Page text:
Note that your .pfx file may have a different name.  You should also plan on having the certificate in the same folder as the openssl command, or use the full path to the certificate.

    You will be required to use the password for the .pfx when converting.  Here's a successful run of these commands:

    Notice that there's no "private key" associated with this certificate - that's because the .cer file does not contain the key - the whole purpose of this exercise.

    I hope this helps you out when using the Azure Key Vault!  Please follow us on Twitter and retweet!
    @WinDevMatt @AzIdentity

Comments (7) -

This was a great post!  I had been trying to automate retrieving a cert from Key Vault to then be used by VSTS, but I couldn't figure out a way to add the password from PowerShell (I was using bash/openssl to handle that). Now I've got it way more streamlined.  Thanks for sharing!

Matthew Small 9/14/2018 1:19:19 PM

Glad you liked it!

Hi Matthew,

Great post.

Just one extra question, will KeyVault ever support exporting pfx with a password in the future?

Having the support to create and work with certificates in KeyVault is a good and save concept, better then just storing it as a generic secret and having to deserialize the certificate each time you want to work with it like encrypting/decrypting data. Missing the password coupling with the certificate pushes you in these scenario's when you also want to use these certificates in other trusted applications or maybe IOT devices linked to IOTHub. You also have to create your own certificates now instead of letting KeyVault manage the creation.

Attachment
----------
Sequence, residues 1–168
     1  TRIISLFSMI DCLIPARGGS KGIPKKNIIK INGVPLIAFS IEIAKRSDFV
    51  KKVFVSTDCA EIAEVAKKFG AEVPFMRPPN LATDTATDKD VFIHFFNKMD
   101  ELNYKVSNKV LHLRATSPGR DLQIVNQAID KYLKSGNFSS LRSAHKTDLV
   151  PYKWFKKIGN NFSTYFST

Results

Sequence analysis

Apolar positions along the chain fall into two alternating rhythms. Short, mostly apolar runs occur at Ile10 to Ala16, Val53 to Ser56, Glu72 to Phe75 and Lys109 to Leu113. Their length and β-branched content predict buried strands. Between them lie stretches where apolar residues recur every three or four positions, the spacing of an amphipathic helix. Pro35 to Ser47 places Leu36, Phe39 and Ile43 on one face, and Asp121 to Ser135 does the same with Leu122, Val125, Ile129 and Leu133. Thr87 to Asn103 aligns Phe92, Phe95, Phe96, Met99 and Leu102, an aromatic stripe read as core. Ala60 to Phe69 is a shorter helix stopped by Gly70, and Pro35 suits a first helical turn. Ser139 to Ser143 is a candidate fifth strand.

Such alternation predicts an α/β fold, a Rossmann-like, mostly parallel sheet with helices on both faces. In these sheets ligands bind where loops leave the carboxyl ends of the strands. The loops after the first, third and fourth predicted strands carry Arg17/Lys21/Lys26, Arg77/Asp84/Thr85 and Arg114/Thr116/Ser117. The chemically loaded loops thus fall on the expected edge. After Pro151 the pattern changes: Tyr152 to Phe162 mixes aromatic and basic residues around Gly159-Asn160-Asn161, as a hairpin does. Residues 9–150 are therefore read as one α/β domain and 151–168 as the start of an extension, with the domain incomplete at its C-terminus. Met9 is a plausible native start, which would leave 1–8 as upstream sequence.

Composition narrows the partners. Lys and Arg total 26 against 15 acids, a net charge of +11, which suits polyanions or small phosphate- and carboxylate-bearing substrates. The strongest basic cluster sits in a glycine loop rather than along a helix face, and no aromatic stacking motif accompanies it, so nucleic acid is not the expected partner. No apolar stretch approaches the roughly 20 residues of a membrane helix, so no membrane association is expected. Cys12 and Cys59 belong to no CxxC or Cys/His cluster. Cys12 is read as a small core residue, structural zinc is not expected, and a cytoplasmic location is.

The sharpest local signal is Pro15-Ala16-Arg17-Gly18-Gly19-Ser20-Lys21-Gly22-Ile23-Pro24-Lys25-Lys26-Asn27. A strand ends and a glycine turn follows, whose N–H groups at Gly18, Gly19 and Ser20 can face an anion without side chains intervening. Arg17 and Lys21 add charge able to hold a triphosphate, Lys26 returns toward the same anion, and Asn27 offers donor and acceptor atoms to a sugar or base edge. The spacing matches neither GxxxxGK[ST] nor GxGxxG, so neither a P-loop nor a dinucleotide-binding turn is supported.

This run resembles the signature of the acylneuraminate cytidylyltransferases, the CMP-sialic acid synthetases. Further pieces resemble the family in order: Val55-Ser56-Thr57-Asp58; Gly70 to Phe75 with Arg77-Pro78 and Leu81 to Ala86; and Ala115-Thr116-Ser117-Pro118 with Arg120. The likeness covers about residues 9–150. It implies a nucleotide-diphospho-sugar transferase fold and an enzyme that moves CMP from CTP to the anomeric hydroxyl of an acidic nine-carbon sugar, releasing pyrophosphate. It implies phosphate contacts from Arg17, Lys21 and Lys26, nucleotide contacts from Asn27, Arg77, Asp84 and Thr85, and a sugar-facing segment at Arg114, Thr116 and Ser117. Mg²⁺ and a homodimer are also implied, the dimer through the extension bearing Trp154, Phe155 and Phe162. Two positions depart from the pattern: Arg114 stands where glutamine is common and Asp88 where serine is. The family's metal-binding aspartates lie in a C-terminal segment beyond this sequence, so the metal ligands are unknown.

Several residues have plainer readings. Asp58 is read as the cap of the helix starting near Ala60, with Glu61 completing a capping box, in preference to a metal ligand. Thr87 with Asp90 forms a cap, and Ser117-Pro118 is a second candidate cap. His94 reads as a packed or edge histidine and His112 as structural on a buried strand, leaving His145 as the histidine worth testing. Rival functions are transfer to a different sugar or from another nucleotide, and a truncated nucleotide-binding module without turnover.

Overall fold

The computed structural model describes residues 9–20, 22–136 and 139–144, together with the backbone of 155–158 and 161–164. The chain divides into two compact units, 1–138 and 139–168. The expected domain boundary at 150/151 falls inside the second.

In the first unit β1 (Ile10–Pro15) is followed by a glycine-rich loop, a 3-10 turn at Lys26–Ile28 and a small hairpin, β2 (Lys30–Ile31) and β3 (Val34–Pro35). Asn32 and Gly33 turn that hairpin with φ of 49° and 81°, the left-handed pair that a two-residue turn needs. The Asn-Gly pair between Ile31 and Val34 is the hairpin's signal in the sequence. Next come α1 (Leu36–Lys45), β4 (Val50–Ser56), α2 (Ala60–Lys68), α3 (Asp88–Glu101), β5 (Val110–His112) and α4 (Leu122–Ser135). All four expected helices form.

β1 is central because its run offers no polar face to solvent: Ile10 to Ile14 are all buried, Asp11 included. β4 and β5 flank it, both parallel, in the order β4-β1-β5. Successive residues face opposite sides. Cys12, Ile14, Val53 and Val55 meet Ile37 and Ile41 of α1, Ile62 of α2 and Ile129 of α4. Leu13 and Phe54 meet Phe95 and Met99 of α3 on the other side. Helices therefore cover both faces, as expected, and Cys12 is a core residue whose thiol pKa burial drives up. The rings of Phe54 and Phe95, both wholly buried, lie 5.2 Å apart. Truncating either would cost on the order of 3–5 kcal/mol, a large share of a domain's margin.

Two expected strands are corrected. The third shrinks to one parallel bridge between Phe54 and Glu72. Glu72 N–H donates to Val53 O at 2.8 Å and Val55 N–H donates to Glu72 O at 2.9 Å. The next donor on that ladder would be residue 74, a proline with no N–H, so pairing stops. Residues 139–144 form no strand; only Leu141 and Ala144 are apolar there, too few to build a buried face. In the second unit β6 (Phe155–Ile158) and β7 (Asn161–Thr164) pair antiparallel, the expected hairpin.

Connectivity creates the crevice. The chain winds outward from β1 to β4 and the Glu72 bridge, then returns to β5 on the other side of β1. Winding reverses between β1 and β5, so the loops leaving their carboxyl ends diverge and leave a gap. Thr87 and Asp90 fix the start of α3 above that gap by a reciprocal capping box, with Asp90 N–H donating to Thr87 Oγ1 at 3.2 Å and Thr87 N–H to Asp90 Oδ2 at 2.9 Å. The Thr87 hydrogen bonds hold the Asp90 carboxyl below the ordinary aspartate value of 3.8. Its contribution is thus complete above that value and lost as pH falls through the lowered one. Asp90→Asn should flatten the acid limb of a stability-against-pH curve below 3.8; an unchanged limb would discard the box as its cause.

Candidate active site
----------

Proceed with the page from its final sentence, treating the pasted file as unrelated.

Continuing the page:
Mike Ricketts 12/3/2018 4:47:01 PM

This is great - very helpful, easy to use and well put together. Thank you very much for your help!

Thank you very much. I helped me a lot!!!

Thank you very much. This has incredibly helpful.

At least, I can now get back some of my weekend Smile

Awesome post were great, was searching for a solution for ages till i found this.

some minor changes i had to make to different modules in PS were
login-AzureRMaccount  >  Login-AzAccount
Get-AzureKeyVaultSecret ? Get-AzKeyVaultSecret
If that helps anyone else troubleshooting